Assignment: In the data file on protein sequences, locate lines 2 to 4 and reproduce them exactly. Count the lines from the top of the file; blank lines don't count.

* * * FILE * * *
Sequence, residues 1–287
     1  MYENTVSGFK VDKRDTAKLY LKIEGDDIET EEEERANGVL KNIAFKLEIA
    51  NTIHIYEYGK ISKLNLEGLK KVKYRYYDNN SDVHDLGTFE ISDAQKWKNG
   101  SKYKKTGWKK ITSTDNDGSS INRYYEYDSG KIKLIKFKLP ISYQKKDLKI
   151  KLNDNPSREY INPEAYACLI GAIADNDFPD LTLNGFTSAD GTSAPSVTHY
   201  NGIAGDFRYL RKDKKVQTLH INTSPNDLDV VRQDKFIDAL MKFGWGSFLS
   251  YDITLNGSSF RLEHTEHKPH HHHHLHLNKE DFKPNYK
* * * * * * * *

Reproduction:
     1  MYENTVSGFK VDKRDTAKLY LKIEGDDIET EEEERANGVL KNIAFKLEIA
    51  NTIHIYEYGK ISKLNLEGLK KVKYRYYDNN SDVHDLGTFE ISDAQKWKNG
   101  SKYKKTGWKK ITSTDNDGSS INRYYEYDSG KIKLIKFKLP ISYQKKDLKI